May 27, 2013 was the date that started it all; the Design Organization Approval had come through, and QCM now had its own Design Organization: EASA.21J.509.
18 months on, and it's always nice to reflect on our successes and all that we have learnt during this time.
During our very busy and functional 18 months, we have given 45 Minor Change Approvals for all manner of changes; ranging from carpet changes to veneer refurbishments to the certifications of coffee machines and Blu-Ray players, the variety is vast, and has provided quite the wide learning ground. There is always something to learn in each of the these projects, especially when one has only just graduated, and begins in the Part 21J industry with little to no experience in design engineering. However, the continued support and combined knowledge from peers, in particular Mr. Christian Schusser and Mr. Alexander Luley, have been phenomenal.
Not only has our team grown in members to round us off quite nicely at four people, but we have expanded our project horizon and knowledge. We are currently handling between three to four Minor Changes, we are also in the process of certifying and supporting two companies with the approval of Major Changes, which result in Supplemental Type Certificates.
Our combined experience can only be expanded upon by giving a broad view of our team, and our capabilities.
Our Head of Design Organization always has a keen interest in the types of projects we are working on, and is always looking for more opportunities to bring in a variety of clients from around Europe.
In comparison, QCM’s Chief Office of Airworthiness has prepared numerous certification projects, encompassing STCs and minor changes, and has been in the aviation industry for 16 years. He has since set up two Design Organizations from scratch, the latest one being QCM design GmbH. As well as being Chief Office of Airworthiness, he gives training courses for QCM about Design Organization Approvals and Production Organization Approvals, and the legislation and regulation behind them. Having given these courses for a while now puts him in a good position to teach the members of our team at work, when we have questions about the regulations, or about why something is done the way it is.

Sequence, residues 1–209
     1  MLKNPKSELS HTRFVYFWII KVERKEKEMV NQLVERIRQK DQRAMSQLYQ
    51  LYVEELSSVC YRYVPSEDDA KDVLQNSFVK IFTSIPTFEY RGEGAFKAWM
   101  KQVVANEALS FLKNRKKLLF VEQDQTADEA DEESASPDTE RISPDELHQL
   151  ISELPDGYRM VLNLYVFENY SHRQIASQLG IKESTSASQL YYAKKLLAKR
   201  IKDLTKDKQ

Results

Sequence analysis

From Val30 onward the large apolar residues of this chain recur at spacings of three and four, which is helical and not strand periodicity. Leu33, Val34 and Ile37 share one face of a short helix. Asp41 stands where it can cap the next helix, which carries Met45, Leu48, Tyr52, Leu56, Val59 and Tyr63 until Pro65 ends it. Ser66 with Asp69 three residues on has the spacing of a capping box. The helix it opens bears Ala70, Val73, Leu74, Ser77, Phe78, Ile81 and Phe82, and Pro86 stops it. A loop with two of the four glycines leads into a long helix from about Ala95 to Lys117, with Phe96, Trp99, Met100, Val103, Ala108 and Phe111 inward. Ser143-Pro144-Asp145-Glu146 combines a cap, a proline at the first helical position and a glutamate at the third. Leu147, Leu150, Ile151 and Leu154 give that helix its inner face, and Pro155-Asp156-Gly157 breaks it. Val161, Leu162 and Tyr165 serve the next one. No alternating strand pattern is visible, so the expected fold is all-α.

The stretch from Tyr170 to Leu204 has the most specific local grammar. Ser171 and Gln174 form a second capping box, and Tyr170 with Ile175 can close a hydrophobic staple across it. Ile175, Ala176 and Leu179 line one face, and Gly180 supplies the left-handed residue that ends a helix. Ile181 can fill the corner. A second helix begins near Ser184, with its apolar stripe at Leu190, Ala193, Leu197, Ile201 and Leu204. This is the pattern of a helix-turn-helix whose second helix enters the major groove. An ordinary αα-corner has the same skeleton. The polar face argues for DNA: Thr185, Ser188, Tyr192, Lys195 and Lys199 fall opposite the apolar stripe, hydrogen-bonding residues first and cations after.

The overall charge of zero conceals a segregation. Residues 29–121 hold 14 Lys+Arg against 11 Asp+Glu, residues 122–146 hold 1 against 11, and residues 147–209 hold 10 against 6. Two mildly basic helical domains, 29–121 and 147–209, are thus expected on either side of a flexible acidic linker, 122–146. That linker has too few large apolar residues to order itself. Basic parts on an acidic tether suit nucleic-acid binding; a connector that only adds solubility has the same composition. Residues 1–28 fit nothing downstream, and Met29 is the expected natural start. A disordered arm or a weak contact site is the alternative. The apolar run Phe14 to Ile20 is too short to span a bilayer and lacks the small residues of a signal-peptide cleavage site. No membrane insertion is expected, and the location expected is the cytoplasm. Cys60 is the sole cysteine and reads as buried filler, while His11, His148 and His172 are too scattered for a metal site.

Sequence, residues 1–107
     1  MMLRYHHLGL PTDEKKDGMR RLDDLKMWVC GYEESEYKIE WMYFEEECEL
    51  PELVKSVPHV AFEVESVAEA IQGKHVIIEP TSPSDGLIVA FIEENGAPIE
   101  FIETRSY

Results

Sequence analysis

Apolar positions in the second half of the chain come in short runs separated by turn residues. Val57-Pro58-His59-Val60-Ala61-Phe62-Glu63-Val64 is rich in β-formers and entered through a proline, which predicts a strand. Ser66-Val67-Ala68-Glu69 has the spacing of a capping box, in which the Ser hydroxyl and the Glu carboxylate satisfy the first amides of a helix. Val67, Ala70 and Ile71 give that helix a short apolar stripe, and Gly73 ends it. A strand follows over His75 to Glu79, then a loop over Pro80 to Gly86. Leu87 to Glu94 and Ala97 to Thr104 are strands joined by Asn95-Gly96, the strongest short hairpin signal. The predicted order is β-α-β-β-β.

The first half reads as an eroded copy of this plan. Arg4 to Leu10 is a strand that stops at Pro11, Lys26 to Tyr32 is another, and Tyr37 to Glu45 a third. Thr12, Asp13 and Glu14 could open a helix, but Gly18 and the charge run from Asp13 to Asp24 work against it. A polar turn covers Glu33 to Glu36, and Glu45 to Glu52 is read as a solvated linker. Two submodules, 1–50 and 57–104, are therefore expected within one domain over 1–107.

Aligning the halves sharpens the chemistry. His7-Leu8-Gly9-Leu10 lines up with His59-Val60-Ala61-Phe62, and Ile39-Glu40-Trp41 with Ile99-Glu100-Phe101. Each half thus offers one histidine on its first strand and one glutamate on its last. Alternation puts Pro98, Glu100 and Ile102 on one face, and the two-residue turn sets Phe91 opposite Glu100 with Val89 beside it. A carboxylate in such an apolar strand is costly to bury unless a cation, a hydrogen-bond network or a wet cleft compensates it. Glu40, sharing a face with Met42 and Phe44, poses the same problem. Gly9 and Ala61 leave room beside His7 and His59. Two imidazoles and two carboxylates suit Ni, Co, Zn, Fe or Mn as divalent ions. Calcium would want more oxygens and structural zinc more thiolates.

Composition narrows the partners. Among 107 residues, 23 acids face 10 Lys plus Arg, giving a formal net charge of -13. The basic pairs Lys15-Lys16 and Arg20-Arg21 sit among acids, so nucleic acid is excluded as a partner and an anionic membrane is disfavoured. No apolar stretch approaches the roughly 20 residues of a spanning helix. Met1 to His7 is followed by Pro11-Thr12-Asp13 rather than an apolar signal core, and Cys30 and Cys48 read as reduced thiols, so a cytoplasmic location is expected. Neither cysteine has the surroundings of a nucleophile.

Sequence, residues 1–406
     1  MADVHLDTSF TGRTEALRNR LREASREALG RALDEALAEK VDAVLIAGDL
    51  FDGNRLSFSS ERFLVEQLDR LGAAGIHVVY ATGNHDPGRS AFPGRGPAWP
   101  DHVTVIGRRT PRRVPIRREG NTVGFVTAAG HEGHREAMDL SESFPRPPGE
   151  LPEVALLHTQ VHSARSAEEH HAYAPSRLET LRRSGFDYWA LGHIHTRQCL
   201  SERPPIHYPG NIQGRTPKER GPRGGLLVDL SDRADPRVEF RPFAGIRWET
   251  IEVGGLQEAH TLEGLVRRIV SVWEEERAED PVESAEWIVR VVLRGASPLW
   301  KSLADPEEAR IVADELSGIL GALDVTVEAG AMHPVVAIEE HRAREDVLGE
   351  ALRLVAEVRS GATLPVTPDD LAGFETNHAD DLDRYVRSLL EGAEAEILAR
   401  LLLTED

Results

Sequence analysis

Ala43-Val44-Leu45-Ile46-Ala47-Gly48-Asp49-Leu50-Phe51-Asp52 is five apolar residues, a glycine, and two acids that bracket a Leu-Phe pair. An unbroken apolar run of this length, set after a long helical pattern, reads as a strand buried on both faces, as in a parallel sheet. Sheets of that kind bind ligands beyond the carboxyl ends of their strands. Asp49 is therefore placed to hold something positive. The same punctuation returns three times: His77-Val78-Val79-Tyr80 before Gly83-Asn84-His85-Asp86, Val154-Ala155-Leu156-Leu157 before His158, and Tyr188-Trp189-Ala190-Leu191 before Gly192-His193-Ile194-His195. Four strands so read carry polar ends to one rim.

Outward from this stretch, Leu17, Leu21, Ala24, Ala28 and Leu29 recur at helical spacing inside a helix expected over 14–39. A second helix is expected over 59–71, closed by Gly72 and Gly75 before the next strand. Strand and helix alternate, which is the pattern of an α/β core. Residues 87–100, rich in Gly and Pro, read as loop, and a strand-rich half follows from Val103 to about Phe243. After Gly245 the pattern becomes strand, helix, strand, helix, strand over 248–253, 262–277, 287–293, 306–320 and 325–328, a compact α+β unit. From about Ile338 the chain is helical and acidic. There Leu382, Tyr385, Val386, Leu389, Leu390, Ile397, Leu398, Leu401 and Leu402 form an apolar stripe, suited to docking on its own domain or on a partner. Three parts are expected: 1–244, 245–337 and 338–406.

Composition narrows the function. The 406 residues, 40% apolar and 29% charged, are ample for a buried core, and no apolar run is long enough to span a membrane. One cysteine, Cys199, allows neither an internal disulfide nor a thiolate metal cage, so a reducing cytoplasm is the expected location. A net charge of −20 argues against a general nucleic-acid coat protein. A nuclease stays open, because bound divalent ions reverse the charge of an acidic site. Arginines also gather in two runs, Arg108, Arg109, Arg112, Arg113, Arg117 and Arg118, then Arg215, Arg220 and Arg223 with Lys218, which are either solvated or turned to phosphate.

Some of the things our team members have learnt over the past year and a half with QCM design are among the following:
- How to be creative and flexible whilst handling numerous projects at the same time;
- The complexity in substantiation for even a cabin carpet change;
- The devil is in the details! Take each project slowly and efficiently;
- How to ‘correctly’ interpret regulations based on which country or authority they originate from, i.e. FAA, JAA, EASA, etc.;
- Avionics are a complex playground; it’s very easy to get lost in the wirings, however practice makes perfect;
- How changes are classified into Minor and Major, and from there, into Substantial, Significant, and Non-Significant, as well as the reason behind the Changed Product Rule (Part 21A.101);
As for myself, in the 18 months since beginning at QCM design, I’ve learnt so much more than was ever taught at Uni. Being immersed in the aviation industry has given me more experience than I had ever thought capable of knowing, and I am always surprised when I can write a certification programme and not have to rely on my team, or when I explain to customers the right type of flammability test to conduct!
I really enjoy having such an efficient, brilliant team as this one, and I’m always hugely thankful for the support they give me!